What an interesting drive today. Started out flat plains again; desert scrub with the occasional cattle ranch and irrigated field. Just outside of Cary, ID, there was a sign that said "historical marker ahead" and a sign for Craters of the Moon NP. Almost immediately, a black wall of lava appeared and within minutes, we were in the middle of an enormous caldera/lava plain composed of smooth cinder fields contrasted with thick areas of sharp lava (A'A). Dotting the landscape were cinder cones at least 500 feet high interspersed with big clumps of lava that looked monolithic. (good word, huh?).

To Deb and Ray - we thought we were back in Hawaii except that there were grass, trees and limber pines all growing on the lava fields that were about 11 million years old. Some areas are still denuded though.

It was quite a beautiful, awesome sight - and so unexpected. We had no idea that such a place existed in the Continental US.

You are not allowed to take dogs on hiking trails in the National Parks which is really terrible from our perspective but in this case, Dixie's paws would not have stood up to the sharp sticky stones. Bob and I walked the 1/2 mile nature trail and then hiked up to the top of the Inferno Cinder cone - what an incredible and interesting walk - straight up- and what a view from the top. The winds were howling so fiercely, I really thought we were going to be blown down. It was difficult getting any photos because of the wind buffeting you. The cinders are black, shiny and sticky to the touch. From the top of cone, you could see the road below and the various types of lava flows and cinder discharges stretching for mniles. You could also see where the lava flow was pushed up the side of the mountains and then stopped. The sun was brightly shining, hardly a cloud in the deep blue almost fake-looking sky and it was only 70 degrees.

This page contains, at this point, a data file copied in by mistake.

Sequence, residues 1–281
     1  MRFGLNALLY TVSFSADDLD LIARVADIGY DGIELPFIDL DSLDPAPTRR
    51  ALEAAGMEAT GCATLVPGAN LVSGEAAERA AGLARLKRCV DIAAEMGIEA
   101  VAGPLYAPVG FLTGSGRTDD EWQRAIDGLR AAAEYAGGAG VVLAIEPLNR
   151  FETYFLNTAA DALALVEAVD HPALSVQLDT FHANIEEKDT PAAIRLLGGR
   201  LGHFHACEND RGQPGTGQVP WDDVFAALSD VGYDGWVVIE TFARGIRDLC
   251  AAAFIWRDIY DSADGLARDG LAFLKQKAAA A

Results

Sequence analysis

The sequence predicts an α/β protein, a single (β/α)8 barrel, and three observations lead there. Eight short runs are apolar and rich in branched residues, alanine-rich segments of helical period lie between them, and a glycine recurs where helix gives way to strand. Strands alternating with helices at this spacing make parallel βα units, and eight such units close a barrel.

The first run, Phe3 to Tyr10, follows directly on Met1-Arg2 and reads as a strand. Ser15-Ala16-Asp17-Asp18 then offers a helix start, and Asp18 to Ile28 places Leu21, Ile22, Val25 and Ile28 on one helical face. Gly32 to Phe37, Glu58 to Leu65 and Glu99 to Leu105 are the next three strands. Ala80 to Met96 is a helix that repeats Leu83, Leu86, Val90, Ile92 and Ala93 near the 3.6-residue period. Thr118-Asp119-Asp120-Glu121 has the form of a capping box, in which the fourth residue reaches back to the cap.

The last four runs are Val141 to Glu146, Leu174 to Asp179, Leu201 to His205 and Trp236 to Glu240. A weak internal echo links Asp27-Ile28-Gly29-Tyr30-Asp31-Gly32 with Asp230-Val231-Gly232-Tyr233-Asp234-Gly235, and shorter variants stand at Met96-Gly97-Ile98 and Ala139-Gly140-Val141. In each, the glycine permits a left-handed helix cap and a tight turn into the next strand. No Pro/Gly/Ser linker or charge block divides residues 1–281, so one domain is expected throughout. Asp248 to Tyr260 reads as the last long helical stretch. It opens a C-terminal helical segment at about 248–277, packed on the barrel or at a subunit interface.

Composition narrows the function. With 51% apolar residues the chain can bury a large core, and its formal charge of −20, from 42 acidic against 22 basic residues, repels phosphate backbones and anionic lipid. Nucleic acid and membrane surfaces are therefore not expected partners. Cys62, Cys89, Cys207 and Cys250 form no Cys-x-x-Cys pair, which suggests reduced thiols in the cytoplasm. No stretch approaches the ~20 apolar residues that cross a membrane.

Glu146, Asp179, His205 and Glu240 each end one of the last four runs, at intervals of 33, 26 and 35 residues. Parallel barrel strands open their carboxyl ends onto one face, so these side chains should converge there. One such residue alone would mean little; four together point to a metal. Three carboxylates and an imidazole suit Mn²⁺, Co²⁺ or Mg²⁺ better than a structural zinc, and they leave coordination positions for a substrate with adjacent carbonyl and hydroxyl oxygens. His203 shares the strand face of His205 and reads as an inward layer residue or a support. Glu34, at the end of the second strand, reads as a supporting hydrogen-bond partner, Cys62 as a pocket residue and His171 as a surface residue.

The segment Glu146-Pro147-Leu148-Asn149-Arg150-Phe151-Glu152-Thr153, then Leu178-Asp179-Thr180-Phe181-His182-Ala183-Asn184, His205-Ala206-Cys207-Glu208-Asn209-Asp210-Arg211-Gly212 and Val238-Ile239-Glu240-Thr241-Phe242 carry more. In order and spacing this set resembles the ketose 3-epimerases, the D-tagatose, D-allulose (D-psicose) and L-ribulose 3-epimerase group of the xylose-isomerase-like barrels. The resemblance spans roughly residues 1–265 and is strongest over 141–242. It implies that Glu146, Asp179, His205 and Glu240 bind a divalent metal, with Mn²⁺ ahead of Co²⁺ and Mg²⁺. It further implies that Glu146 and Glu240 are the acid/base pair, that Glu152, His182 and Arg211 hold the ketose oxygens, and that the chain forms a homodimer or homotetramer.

There was construction on Rt. 20 for about 10 miles including a stretch of one lane only - thought we were back on Top of the World Highway it was that rutted and the surface was gravel/stone/mud.

Then drove to Idaho Falls, ID where we spent the night at the Snake River RV Campground. Nice place about 1/2 mile from the downtown area, the Snake River and the "falls". After dinner, we walked the Riverside Walk which goes around a lake created by the "falls" which are interesting. There is a long, long falls - at least one quarter mile long - created as part of the hydroelectric plant but they built the manmade falls behind, sort of nudged up agains, the original Idaho Falls. Nice way to maintain the historical falls while generating power.

Dominating the Riverside Walk ( a 4 mile loop) was a lovely Morman Temple. In all of the towns we passed through today, the largest structure was the Morman church. Because it was nearing sunset, the church and river area had a pink and gold hue to them.

Idaho Falls is a big, flat town but rather nice.

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